Trauma Counseling

Trauma counseling

What is Trauma?

Trauma couple

People have told you to “just” move on from the past, but that is not easy to do. You may have flashbacks about past events that have never been fully processed with a professional. Trauma can be either emotional or physical, and it occurs due to exposure to a life-altering event. A traumatic event can be life-threatening and/or cause chronic adverse mental health issues. Trauma is devastating, yet almost everyone alive has experienced trauma in some form.

“Anything that’s human is mentionable, and anything that is mentionable can be more manageable. When we can talk about our feelings, they become less overwhelming, less upsetting, and less scary. The people we trust with that important talk can help us know that we are not alone.”

Who Experiences Trauma?

The National Center for PTSD encourages therapists to use a “Life Events Checklist” to identify trauma in our patients. It is what it sounds like – a list of 17 different types of traumatic events a person may have experienced, witnessed, or learned about from a loved one. Thus, trauma does not only affect the person directly involved. People who witness traumatic events or loved ones who are told about family members who have experienced traumatic events can also be affected and need mental health care. 

Do I Have PTSD?

Experiencing trauma does not necessarily mean that you or a loved one has PTSD. In order to be diagnosed with PTSD, a licensed mental health professional would need to assess to see if you meet specific diagnostic criteria for the disorder. The Diagnostic and Statistical Manual (DSM-5) licensed professionals currently use to diagnose mental health disorders, has several diagnoses related to trauma: Post Traumatic Stress Disorder, Acute Stress Disorder, and Adjustment Disorder (American Psychiatric Association, 2013).

Post-Traumatic Stress Disorder:

PTSD has several defining characteristics which make it different from the others. Briefly and simply, to be diagnosed with this disorder, you must have: 

1. Directly experienced, witnessed, and learned about the event happening to someone very close to you, 

2. You must have one or more “intrusion symptoms” such as: flashbacks, nightmares, etc. 

3. You must have persistent avoidance of stimuli related to the traumatic event, and 

4. Negative altered mood and thought associated with the traumatic event.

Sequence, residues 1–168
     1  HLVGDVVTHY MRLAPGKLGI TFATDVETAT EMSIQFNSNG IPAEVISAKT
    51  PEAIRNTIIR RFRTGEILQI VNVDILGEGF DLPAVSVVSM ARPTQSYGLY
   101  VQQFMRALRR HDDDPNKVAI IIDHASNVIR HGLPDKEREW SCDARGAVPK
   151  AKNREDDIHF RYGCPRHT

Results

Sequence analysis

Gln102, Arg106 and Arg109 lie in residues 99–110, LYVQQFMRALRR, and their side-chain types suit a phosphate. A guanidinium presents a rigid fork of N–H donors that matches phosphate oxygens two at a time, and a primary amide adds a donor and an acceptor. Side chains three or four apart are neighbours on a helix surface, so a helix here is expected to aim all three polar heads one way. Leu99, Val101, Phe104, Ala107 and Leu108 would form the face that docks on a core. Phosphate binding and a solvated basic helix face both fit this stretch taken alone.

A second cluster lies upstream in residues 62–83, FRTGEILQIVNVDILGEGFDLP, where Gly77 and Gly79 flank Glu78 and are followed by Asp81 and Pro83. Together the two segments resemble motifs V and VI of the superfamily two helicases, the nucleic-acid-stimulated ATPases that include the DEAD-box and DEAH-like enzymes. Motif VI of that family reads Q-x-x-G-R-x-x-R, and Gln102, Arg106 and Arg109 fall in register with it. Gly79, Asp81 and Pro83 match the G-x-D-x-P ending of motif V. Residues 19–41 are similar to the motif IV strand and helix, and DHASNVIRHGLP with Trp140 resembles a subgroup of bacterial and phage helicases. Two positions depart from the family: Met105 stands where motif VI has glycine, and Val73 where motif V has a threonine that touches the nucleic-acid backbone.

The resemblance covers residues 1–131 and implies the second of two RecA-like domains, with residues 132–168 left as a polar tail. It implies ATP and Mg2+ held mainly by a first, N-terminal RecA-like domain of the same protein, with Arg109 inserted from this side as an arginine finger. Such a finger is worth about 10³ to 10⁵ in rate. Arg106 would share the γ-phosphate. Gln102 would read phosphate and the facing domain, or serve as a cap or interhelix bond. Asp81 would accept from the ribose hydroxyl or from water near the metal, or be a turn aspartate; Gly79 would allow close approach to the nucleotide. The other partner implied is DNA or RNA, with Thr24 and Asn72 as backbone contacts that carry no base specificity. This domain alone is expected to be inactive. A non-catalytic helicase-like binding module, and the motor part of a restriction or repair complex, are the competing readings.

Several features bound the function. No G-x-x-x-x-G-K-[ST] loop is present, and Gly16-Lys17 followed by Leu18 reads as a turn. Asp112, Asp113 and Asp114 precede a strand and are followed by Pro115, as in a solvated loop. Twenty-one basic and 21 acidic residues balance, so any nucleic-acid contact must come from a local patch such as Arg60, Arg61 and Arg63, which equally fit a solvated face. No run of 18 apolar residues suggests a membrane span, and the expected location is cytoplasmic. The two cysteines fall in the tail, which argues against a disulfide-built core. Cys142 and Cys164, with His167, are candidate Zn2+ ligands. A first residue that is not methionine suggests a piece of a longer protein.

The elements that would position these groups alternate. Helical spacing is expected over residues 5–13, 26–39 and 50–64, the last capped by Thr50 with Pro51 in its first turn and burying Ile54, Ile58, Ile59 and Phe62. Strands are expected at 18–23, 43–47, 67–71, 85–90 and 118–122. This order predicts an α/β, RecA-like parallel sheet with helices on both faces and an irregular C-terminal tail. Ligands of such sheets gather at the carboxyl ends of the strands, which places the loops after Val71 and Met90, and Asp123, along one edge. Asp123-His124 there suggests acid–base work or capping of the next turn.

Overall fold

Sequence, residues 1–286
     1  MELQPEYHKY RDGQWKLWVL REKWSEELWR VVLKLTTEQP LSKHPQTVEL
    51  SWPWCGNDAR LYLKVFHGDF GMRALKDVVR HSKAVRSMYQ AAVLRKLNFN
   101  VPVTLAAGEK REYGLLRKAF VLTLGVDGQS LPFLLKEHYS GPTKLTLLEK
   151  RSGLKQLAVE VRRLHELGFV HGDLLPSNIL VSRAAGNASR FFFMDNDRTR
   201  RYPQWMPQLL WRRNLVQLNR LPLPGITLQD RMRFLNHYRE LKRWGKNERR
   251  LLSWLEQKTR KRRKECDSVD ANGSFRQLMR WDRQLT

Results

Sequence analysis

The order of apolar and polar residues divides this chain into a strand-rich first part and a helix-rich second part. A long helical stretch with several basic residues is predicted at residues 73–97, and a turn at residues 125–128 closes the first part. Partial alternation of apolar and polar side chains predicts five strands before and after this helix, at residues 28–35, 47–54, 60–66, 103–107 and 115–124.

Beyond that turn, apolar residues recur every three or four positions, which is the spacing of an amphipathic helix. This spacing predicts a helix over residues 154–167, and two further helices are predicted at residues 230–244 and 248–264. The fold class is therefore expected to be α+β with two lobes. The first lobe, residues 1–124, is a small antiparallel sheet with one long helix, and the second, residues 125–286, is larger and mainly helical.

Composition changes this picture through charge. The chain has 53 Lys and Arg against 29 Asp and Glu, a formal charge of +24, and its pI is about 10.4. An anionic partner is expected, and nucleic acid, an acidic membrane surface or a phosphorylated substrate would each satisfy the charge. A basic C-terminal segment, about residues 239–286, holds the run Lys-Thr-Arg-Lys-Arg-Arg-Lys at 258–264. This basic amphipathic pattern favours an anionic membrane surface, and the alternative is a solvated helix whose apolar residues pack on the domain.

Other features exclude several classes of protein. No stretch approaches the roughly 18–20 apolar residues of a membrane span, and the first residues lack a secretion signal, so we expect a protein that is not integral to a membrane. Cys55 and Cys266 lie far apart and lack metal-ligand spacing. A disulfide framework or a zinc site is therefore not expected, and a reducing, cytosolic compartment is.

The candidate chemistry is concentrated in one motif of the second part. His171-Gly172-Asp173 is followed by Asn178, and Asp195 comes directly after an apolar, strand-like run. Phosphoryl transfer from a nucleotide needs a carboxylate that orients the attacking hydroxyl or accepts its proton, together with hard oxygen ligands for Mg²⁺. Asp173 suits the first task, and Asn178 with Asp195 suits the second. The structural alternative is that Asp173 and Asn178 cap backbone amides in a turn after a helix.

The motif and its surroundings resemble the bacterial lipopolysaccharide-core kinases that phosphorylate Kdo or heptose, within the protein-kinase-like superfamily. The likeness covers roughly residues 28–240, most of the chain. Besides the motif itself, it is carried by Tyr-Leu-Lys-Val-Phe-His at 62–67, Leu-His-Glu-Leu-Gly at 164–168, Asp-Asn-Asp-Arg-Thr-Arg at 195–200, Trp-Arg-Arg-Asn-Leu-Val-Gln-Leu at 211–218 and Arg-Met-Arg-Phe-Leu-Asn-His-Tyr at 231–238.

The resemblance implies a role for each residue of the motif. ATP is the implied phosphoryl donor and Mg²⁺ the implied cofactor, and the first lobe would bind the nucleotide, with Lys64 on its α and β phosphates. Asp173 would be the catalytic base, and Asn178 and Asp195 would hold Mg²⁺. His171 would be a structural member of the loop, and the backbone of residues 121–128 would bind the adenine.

5. You become affected/reactive when exposed to triggering memories of the traumatic event.

 6. The time the disorder bothers you is longer than one month.  

7. It causes significant impairment to your social life, work life, and ability to function normally. 

8. These issues are not caused by a medical condition, drugs, or alcohol.

(American Psychiatric Association, 2013) 

Acute Stress Disorder

Acute stress disorder differs from PTSD in the number of symptoms a person must have to be diagnosed with the disorder and the length of time a person must be affected by the trauma. For this diagnosis, the person is affected three days to 1 month after the trauma exposure (American Psychiatric Association, 2013).

Adjustment Disorder

An adjustment disorder differs from the other two in that emotional or behavioral symptoms are developed as a response to a stressor, such as a loved one and death. In the case of loss, we offer bereavement support and counseling. Symptoms begin within three months of the event taking place but do not last longer than six months after the event is over (American Psychiatric Association, 2013).

Complex PTSD

Complex PTSD, sometimes abbreviated to C-PTSD, is a type of PTSD that is more severe. In addition to the symptoms of PTSD  an individual will experience additional symptoms, such as emotional dysregulation, chronic negative self-perception, and relationship difficulties – such as trouble feeling connected to others, difficulties trusting others, feeling guilt, numbness, etc. Complex PTSD generally is developed due to ongoing and repeated trauma. Such trauma usually occurs in childhood, during abusive relationships, sex trafficking, war, and other such events.